If nothing else, the 146th Open Championship will go down as the major of the meaningful caddie intervention.
Last Thursday saw JP Fitzgerald give Rory McIlroy the verbal kick up the behind required to snap the world number four out of a terrible start at Royal Birkdale that had seen the Irishman flounder at five over par after his first six holes.
“You’re Rory McIlroy, what the f... are you doing?” was the crux of JP’s rebuke and it provided his boss with precisely the jump start he needed to get his act together, transforming a player in meltdown into a man who would secure a top-four finish and a cheque for around €410,000 three days later.
Perhaps even more significant, though, were the words of Michael Greller, the man on Jordan Spieth’s bag throughout his short professional career, who offered the right words when his guy needed them most, which was quite often during the wild ride Spieth took the golfing world during his journey to the Claret Jug on Sunday afternoon.
Greller, along with instructor Cameron McCormick, are the reasons Spieth uses the pronoun “we” as opposed to “I” when talking about his achievements. It still grates for many but you can understand why the golfer does it.
With the former mathematics teacher, 16 years his senior, on the bag, Spieth 24, this Thursday, has won all three of his major titles. Greller has seen him through the good times and the more turbulent periods of his career of which none came choppier than at the 2016 Masters, when Spieth’s golfing world came tumbling down around him at Augusta National’s famous par-three 12th hole, when a quadruple bogey effectively handed the title to Danny Willett.
“Yes, he had as much influence for sure on a win as any,” Spieth said of Greller on Sunday night, having emulated the great Jack Nicklaus by completing the third leg of a career grand slam of majors before the age of 24, the Masters and the US Open having been won with Greller by his side in 2015.
“He and Cameron have been very important in the mental side of the game for me in the past, well, couple of years. Dealing with my own expectations and dealing with coming off a year like ‘15, and trying to game plan and set goals. And I owe them both a lot. Michael is obviously on course, and Cameron is off course, as far as mental coaches for me.”
The on-course role was crucial to Spieth’s victory as the Texan had got his final round off to a start every bit as miserable as McIlroy’s had been on Thursday, bogeying three of his first four holes.
Like Fitzgerald, Greller knew how to arrest the slide and get his man back on track, summoning up some positive images for Spieth to focus on, in this instance a picture of the 23-year-old on holiday last week in the Mexican resort of Cabo San Lucas. It is some gathering of sporting talent, Spieth in the company of NBA legend Michael Jordan and Olympic swimming king Michael Phelps among others including Freddie Couples and Seattle NFL quarterback Russell Wilson.
Greller played his trump card as Spieth’s three-shot overnight lead was slipping from his grasp, as Spieth recalled.
“Michael did a great thing today, he said, ‘Do you remember that group you were with in Cabo last week?’ in a picture that I posted (on Twitter). He goes, ‘You belong in that group’.
“We walked off 7 tee box, and he made me come back. He said, ‘I’ve got something to say to you’; he said ‘do you remember that group you were with? You’re that calibre of an athlete. But I need you to believe that right now because you’re in a great position in this tournament. This is a new tournament. We’re starting over here.’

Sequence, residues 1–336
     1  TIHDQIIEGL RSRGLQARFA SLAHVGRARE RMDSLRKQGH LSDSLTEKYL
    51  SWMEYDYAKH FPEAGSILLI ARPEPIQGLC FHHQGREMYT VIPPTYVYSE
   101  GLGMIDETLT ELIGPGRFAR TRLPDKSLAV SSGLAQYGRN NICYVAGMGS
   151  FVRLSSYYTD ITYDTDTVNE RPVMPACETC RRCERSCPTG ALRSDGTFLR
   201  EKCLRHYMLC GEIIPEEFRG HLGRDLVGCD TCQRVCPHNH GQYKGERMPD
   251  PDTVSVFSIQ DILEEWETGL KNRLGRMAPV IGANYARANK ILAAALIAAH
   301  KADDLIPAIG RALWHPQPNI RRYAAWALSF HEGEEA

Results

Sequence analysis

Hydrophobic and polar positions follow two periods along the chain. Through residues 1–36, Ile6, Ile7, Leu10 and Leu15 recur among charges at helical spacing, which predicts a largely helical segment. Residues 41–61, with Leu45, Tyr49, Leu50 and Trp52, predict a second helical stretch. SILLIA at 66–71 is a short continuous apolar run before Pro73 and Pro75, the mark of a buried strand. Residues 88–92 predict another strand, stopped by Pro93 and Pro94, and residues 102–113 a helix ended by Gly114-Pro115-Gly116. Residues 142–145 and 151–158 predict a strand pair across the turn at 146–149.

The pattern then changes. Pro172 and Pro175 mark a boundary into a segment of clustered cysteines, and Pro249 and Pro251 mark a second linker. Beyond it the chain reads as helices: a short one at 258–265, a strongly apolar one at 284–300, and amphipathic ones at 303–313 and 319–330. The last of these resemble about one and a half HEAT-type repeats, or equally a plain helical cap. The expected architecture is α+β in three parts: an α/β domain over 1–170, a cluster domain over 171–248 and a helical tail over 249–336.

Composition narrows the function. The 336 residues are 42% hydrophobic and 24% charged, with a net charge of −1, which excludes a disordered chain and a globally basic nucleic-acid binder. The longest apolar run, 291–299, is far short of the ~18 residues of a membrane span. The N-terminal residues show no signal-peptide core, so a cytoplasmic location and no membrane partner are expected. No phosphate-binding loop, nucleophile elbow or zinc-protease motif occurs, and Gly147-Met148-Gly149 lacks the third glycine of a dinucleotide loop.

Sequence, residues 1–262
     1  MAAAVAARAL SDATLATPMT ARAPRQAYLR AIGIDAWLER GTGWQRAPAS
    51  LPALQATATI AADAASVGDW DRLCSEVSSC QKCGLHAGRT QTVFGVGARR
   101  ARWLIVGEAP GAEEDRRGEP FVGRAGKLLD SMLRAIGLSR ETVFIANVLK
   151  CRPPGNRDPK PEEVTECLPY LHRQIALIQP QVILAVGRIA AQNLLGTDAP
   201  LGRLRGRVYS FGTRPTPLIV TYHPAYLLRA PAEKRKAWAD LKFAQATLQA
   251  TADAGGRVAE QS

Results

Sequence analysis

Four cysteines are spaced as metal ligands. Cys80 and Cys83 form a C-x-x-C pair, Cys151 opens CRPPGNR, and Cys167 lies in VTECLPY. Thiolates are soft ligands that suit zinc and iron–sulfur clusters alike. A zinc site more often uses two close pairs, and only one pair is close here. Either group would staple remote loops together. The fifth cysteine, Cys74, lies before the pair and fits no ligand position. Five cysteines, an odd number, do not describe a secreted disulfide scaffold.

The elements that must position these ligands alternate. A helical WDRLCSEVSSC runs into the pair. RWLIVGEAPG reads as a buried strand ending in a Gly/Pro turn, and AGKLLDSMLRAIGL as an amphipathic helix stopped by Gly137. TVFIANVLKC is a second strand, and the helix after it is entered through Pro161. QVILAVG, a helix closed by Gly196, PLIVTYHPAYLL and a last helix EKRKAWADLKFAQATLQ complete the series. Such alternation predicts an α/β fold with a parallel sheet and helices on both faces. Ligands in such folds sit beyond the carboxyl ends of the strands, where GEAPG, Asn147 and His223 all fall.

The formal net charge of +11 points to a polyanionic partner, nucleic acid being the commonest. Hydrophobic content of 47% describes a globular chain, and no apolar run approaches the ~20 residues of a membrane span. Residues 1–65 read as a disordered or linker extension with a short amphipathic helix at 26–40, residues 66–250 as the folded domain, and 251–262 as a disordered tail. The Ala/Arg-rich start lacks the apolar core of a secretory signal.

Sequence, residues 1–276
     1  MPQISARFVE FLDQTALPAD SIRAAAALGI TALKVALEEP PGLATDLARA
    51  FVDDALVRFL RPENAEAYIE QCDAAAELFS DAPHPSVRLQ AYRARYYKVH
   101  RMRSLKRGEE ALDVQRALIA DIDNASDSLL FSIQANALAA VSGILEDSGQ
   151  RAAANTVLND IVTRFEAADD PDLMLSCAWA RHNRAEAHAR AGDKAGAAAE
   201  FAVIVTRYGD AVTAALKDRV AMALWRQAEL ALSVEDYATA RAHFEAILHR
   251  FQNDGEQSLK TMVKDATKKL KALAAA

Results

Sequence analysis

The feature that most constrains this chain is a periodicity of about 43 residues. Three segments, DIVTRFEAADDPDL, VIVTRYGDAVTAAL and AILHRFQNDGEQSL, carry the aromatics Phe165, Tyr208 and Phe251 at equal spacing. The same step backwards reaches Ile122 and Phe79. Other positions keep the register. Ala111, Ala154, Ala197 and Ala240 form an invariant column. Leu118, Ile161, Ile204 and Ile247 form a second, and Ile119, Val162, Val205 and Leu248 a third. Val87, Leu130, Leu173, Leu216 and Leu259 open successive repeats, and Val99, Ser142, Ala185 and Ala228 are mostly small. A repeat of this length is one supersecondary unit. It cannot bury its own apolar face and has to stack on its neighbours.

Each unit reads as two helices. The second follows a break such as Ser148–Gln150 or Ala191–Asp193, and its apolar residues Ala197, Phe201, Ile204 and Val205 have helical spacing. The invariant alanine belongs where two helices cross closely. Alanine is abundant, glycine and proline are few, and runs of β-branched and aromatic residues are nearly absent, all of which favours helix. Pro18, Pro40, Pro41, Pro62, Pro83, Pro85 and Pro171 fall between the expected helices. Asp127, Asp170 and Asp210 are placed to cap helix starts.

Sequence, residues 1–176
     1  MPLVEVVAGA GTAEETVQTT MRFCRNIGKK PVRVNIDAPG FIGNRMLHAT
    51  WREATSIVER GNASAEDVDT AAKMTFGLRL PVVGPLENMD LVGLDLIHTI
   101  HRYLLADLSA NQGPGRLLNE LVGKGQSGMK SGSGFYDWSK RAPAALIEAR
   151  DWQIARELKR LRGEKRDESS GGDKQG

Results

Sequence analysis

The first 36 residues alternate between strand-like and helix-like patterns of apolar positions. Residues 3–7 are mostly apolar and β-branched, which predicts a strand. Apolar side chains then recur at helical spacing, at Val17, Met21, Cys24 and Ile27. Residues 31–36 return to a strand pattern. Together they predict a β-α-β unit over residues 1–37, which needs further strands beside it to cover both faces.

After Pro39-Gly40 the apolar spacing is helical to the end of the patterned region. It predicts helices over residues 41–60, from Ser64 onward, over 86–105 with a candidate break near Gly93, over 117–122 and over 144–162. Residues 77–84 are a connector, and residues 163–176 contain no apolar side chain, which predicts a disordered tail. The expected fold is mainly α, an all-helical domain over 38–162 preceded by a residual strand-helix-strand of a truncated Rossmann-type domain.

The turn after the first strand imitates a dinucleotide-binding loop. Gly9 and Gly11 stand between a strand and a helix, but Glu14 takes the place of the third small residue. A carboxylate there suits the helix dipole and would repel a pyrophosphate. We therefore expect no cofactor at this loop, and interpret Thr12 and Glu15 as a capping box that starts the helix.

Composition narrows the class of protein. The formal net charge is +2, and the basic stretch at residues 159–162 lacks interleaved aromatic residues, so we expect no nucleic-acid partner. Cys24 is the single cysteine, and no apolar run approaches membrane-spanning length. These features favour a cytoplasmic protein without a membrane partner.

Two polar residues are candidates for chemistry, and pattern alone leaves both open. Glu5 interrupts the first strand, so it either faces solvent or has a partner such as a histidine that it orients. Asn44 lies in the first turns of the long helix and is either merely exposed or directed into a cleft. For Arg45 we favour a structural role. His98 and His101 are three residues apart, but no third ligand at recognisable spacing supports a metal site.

“And over a couple of putts when I wanted to kind of back off, I wasn’t comfortable, I thought this is... I just thought, it just changed a bit of a mental... I definitely thought about what he was saying while I was over some of those key three to four-footers that I made.
“For the way it was looking, those weren’t easy; those three-footers were 10-footers to me. And all of a sudden the lid came off. And the 30-footers were two-footers to me. I don’t know why I can’t make it a little more boring sometimes.”
Greller wasn’t done. Spieth’s dramatic bogey at the 13th will be spoken about for years to come as he took a penalty drop between two trucks and played his next shot blind from the practice ground some 120 yards of the fairway to just short of the green.
Just one dropped shot on that par four was a near miracle and it took a nerveless putt to complete the job and limit the damage to fall just one shot behind rival Matt Kuchar. It was a crucial moment for the impetus it gave Spieth led to an immaculate closing stretch of golf as he came from behind with a five-under finish over the closing five holes to win by three shots.
“The putt on 13 was just massive,” Spieth said. “Going two down, and not even two down, but into a tie for second. And thinking, ‘man, I’m five over’. That was crossing my mind...
“When that putt went in, I was really, really obviously excited. But I was walking off the green and Michael said, ‘Hey,’ he held me up, and he said, ‘That’s a momentum shift right there.’ And he was dead on. And all I needed to do was believe that. I was starting to feel it, but when he was feeling it and he was saying, ‘That was a momentum shift, even though you lost the hole, you went one down’.
The deficit would only last a hole, Spieth roaring back into the lead and ultimately sealing the third major of his career. Next stop the PGA Championship at Quail Hollow, and a first shot at completing the career grand slam which his caddie believes will not faze him one little bit.
“There’s no pressure,” Greller said. “He’s absolutely free rolling it. He’s just won a major and there’s no pressure on him — that’s what he wanted. I’m fortunate to ride shotgun with him.”
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